Other business models fared no better, regardless of their names. MicroStrategy Inc.’s extreme approach to faithfully “HODLing” Bitcoin as a purported store of value and inflation hedge has proven wrong as rising rates expose the virtual currency’s lack of intrinsic value. peak, it is only now selling Bitcoin at a loss in hopes of lowering its tax burden. It’s a strategy that has spawned few imitators; Elon Musk’s Tesla Inc., which briefly waved the flag over the misconception of Bitcoin as “digital gold,” sold most of its stash in July.

As for corporate visions of a deeply rooted technological improvement in payments or financial sector plumbing, they have also failed as the volatility of cryptocurrencies makes them a poor medium of exchange and as distributed ledgers bring their own cost and money issues. utility. Intercontinental Exchange Inc. recently reduced the value of its stake in cryptocurrency payments platform Bakkt Holdings Inc., which has consumer-focused partnerships with Starbucks Corp. and Mastercard Inc., by $1.1 billion. infrastructure, blockchain insurance firm B3i Services AG filed for insolvency last year, while the chairman of Australian stock exchange ASX Ltd. recently apologized for its botched and abandoned multimillion-dollar blockchain launch.

Crypto enthusiasts are hoping this is just another winter in a world known for booms and busts, with spring just around the corner. Even Riot Platforms says it still hopes to become “the world’s leading Bitcoin-based infrastructure platform.” Consolidation and restructuring is already underway, with BlackRock Inc. and Galaxy Digital Holdings Ltd. among those issuing loans to the struggling digital mining sector. Central banks are meanwhile designing their own digital currencies, which could one day hold the key to unlocking healthier forms of virtual assets.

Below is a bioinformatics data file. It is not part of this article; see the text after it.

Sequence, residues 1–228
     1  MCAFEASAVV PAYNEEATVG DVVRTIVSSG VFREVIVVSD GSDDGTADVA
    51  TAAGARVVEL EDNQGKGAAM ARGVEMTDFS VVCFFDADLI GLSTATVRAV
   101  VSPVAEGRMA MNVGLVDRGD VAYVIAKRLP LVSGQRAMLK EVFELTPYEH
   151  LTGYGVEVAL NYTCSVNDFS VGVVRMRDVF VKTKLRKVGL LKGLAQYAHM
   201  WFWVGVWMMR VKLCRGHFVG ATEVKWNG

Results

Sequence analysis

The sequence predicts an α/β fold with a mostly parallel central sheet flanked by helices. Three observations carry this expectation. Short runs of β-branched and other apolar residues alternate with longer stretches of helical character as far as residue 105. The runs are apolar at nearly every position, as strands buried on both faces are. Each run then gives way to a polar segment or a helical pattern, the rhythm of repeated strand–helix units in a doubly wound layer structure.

But winters get longer and summers get shorter. Many cryptocurrency companies now have a five-year track record of volatile performance and value destruction, sometimes underperforming the underlying digital currencies themselves. Their future in a world of rising rates, where much safer investments will begin to offer decent returns, looks no longer rosy. Given the dubious business case behind some flashy cryptocurrency names, regulators and investors will be raising their guard. The next trend in blockchain-land is getting rid of the word: Riot is doing something.

More from Bloomberg’s opinion:

• Beware of the Dangers of Cryptocurrency Overregulation: Tyler Cowen

• Navigate 2023 with seven charts and a cat: Ashworth and Gilbert

• Beware of cryptocurrency billionaires who brag about audits: Lionel Laurent

This column does not necessarily reflect the opinion of the editorial board or of Bloomberg LP and its owners.

Lionel Laurent is a Bloomberg Opinion columnist covering digital currencies, the European Union and France. Previously, he was a reporter for Reuters and Forbes.